The value of race and ethnicity in predicting contraceptive failure depends on income. The racial and ethnic differences in failure rates were in fact much smaller among lower income women than among higher income women. Lower income Hispanic women and white women are more likely to have difficulties using methods successfully than are higher income women, while income makes little difference among black women. Moreover, there is no significant variation in contraceptive effectiveness across religious groups (at least as those groups were defined in this analysis).

Our findings show that regardless of a woman's social and demographic characteristics, she is most likely to successfully avoid a pregnancy if she uses long-acting hormonal methods. If not, her chances of success are better if she chooses oral contraceptives. With methods that must be used around the time of intercourse, her likelihood of becoming pregnant is much less with the diaphragm or cervical cap and with condoms than with spermicides alone, withdrawal or periodic abstinence. This information is consistent with most recommendations, and can help women and their partners decide among methods.

These analyses go further, however, to provide direction in identifying social and demographic subgroups of women most likely to have unintended pregnancies, no matter what reversible method they use—lower income women, women younger than 30, unmarried women (especially those who are cohabiting), black women and Hispanic women.

These variables undoubtedly are markers for relationship and personal factors that determine actual patterns of method use, but this information can help women identify how similar they are to other women who have greater or less difficulty using contraceptive methods. We hope that such knowledge will not only increase the likelihood that they will select a method that offers them the greatest chance of success, but will also be linked to improved attention and support from medical care providers and others to encourage them to be correct and consistent users of whatever method they select. Both are important steps toward improving overall contraceptive effectiveness and decreasing the high level of unplanned pregnancy found in the United States.


*Although some methods (such as the male condom and withdrawal) are actually used by men, studies of contraceptive effectiveness have invariably focused on women.

In this article, the term "failure rate" refers to the "use-failure" rate—i.e., the probability of pregnancy during use of a contraceptive method in the general population. (This is also sometimes called the typical use-failure rate, to distinguish it from the method failure rate occurring during perfect use.)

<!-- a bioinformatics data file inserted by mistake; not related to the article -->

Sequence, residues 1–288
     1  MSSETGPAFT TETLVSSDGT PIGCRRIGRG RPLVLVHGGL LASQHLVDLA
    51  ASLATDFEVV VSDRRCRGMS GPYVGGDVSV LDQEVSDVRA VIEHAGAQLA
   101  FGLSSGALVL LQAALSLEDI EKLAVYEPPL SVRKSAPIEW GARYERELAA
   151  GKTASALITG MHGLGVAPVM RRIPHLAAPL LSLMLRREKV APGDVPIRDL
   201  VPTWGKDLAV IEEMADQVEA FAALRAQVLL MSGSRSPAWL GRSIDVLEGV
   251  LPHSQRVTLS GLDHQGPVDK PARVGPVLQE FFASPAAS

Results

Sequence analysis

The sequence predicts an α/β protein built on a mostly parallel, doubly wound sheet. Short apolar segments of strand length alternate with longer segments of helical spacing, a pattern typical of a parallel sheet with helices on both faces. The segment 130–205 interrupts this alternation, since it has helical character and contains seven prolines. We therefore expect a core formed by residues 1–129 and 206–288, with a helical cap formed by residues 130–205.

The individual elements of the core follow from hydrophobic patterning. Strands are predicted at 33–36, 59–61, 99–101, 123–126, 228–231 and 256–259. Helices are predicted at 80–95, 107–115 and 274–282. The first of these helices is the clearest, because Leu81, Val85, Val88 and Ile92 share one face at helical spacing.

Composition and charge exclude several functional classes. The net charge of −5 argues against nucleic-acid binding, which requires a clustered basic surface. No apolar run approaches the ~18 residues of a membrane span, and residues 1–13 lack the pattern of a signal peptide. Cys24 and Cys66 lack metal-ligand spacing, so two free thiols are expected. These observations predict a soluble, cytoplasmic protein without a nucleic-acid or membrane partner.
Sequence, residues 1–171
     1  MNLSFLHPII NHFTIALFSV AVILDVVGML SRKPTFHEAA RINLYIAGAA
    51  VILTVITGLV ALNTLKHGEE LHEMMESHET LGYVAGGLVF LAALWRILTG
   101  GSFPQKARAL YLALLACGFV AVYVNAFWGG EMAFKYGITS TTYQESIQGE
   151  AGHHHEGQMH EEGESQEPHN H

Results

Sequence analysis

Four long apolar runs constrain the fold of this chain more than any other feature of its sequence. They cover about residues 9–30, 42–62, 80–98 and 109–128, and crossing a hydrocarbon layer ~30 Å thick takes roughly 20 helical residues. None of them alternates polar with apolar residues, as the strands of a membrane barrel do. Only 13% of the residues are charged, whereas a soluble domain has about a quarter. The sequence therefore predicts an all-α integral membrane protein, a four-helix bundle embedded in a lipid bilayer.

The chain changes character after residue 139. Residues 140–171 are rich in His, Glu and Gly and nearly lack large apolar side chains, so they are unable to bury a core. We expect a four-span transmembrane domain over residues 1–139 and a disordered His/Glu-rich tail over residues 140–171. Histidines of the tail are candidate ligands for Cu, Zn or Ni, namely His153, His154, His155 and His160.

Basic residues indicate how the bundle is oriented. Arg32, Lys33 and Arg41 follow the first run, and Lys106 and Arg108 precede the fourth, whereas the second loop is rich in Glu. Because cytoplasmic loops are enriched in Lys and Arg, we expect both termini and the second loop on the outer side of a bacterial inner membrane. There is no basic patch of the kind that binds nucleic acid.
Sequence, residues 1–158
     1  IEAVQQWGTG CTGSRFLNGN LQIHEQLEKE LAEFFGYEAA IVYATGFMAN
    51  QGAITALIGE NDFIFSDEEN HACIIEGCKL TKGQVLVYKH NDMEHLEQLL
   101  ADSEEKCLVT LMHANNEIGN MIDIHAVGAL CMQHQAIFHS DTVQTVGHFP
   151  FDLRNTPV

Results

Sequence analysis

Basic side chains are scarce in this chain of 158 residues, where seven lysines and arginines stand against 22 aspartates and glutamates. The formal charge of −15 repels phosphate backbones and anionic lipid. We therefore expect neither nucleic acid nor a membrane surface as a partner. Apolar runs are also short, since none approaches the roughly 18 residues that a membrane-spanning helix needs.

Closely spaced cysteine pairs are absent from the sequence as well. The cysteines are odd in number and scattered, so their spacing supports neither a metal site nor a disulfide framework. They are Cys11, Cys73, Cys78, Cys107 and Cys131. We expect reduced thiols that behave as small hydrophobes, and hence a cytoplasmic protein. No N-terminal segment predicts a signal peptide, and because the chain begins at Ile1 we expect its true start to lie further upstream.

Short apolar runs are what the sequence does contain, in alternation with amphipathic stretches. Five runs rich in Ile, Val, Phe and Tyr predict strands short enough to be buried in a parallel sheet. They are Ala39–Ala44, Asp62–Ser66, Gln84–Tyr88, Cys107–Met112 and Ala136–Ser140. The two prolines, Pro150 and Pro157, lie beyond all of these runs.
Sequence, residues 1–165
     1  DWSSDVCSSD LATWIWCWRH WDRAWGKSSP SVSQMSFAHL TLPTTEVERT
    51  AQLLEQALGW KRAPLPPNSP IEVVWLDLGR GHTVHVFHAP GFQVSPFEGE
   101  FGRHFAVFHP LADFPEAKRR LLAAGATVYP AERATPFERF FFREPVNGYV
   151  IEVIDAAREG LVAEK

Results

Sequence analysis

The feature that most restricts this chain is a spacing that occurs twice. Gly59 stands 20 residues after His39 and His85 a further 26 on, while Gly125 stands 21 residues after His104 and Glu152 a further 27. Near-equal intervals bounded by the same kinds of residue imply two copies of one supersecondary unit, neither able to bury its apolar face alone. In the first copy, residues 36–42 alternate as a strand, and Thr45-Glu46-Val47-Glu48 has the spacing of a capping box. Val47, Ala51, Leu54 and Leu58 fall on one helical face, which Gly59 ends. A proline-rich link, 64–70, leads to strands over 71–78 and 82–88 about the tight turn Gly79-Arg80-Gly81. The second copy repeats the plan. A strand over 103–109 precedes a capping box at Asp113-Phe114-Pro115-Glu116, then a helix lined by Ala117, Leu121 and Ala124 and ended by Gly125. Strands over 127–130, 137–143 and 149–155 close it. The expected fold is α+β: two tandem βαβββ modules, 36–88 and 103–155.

Method-use segments were identified as having terminated in failure if the ending date of use followed the date of conception, or if use ended in the same month as conception and the respondent reported that she or her partner had not stopped using the method at the time she became pregnant. In a few cases, respondents reported having used a method for many months after pregnancy began. If a woman used a method for five or more months after conception, we defined the case as a failure only if the pregnancy was reported as unintended or mistimed.

§We assigned methods in the following descending order of assumed effectiveness: female sterilization, male sterilization, implant, injectable, IUD, pill, condom (male and female), diaphragm, cervical cap, spermicides (foam, jelly, cream, suppository or sponge), periodic abstinence and withdrawal.

**Because "other" was a residual category consisting of unrelated methods and sequences of methods, we did not calculate failure rates for this category.

††The piecewise-constant hazards models used for these analyses are equivalent to log-linear regression models for Poisson count data, and were estimated using the statistical package SAS (see: Allison PD, Event History Analysis, Newbury Park, CA: Sage Publications, 1989; McCullagh P and Nelder JA, Generalized Linear Models, London: Chapman and Hall, 1984; and StataCorp, Stata Statistical Software: Release 5.0, College Station, TX: Stata Corporation, 1997).

‡‡In an analysis of 1988 NSFG data, poor black women were found to experience higher rates of failure than were more affluent black women (Source: Jones EF and Forrest JD, 1992, reference 2). However, in that analysis, the group "black" also included nonwhite, non-Hispanic women; in contrast, in this article, we assumed that the characteristics and behavior of such women would more closely resemble that of white women. Thus, we grouped nonwhite, non-Hispanic women who were not black into the category "white." This may explain the difference between our findings and those from the analysis of 1988 data.


1. Henshaw SK, Unintended pregnancy in the United States, Family Planning Perspectives, 1998, 30(1):24-29 & 46.

2. Jones EF and Forrest JD, Contraceptive failure rates based on the 1988 NSFG, Family Planning Perspectives, 1992, 24(1):12-19; and Hatcher RA et al., eds., Contraceptive Technology, 17th revised edition, New York: Ardent Media, 1998.